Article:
E.ON customers braced for price hike
E.ON confirmed it’s not making any alterations to the unit prices it offers, but following its tariff review, it has taken the decision to make some changes, affecting two million accounts.
The changes include:
- Removing the dual fuel discount – £20 a year
- Removing the paperless billing discount – £5 per fuel per year
- Increasing the standard charge for customers who pay quarterly by cash or cheque – £10 per fuel per year.
The move will impact customers differently, depending on their payment method, bill choice and fuel selection. The average impact on SVT bills will be around £22 a year.
The changes will come into effect for existing SVT customers on 19 April 2018 and on new fixed tariffs sold from 1 March 2018.
Customers on fixed tariffs bought before 1 March 2018 will not see any change until the end of their term.
E.ON confirmed that prepayment customers are protected by an energy cap so are unaffected by the changes.
It added that for new customers signing up to a fixed tariff will save £45 per fuel per year against the standing charge if they pay by fixed monthly Direct Debit. Customers on E.ON EnergyPlan will also see this saving from 19 April 2018, it said.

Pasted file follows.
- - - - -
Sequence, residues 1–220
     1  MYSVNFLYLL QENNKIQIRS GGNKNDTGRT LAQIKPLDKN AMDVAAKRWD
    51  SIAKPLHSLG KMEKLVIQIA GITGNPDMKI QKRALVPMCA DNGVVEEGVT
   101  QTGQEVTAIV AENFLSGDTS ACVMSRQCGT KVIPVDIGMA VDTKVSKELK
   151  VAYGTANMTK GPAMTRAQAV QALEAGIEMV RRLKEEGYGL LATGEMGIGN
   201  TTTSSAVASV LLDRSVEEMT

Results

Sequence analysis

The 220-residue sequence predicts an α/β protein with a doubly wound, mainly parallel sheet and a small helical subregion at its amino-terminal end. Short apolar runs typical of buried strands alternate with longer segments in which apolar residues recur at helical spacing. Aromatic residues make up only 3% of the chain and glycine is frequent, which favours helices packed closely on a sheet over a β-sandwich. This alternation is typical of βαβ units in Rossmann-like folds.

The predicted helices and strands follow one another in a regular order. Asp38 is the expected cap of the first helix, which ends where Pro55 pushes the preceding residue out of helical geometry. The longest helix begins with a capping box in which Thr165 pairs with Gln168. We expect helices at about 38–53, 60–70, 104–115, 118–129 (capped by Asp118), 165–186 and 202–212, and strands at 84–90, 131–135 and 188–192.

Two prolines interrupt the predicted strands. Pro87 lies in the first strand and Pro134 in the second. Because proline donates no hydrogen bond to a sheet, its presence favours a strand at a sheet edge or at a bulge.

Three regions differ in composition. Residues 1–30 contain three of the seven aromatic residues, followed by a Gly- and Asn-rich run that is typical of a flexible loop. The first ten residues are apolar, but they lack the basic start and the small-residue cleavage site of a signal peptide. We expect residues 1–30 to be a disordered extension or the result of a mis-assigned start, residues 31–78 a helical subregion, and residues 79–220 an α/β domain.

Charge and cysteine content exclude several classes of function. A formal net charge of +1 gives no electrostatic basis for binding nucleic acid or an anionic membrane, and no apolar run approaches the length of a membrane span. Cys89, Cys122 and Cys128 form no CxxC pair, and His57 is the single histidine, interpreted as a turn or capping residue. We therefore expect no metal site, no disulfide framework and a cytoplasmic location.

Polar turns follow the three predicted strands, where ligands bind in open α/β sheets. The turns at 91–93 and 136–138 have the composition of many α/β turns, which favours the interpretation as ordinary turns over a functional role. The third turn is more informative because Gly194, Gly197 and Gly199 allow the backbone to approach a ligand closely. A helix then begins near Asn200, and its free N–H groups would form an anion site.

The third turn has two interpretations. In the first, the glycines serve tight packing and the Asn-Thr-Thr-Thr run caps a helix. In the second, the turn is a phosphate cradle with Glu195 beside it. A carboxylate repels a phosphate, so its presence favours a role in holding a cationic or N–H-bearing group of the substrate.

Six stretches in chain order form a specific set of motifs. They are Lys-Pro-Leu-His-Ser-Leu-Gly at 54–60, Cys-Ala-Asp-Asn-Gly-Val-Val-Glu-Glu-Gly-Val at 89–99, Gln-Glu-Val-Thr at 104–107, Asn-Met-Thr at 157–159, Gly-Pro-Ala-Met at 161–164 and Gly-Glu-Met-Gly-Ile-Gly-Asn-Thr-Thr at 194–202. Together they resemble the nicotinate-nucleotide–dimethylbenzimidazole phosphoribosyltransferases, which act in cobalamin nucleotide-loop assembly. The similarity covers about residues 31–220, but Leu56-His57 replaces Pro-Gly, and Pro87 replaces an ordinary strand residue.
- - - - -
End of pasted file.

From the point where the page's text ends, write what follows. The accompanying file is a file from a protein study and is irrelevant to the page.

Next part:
An E.ON spokesperson said: “In light of rising costs along with other factors in the market, we have reviewed the structure of our tariffs and made the decision to make some changes.
“We believe this will make it simpler and easier for customers to understand our tariffs and compare them with other suppliers in the market, the majority of whom do not offer these discounts.
“Around 72% of our customers now choose to pay by fixed monthly Direct Debit. This payment method not only helps customers even out their payments across the year, but allows them to take control and vary their payment via our online Direct Debit Manager, helping provide peace of mind that they’re paying no more than they need.”
Peter Earl, head of energy at Comparethemarket said it is really disappointing to see E.ON use the simplification of tariffs as an excuse to hike energy prices for some customers. There is little justification for removing discounts and certainly not in the name of making billing simpler.
“However, it is right to highlight the issue of complex energy bills as all too often, bills confuse customers into apathy by not allowing them to gain a clear comparison against other providers. But simplification should not come at a cost to the consumer.”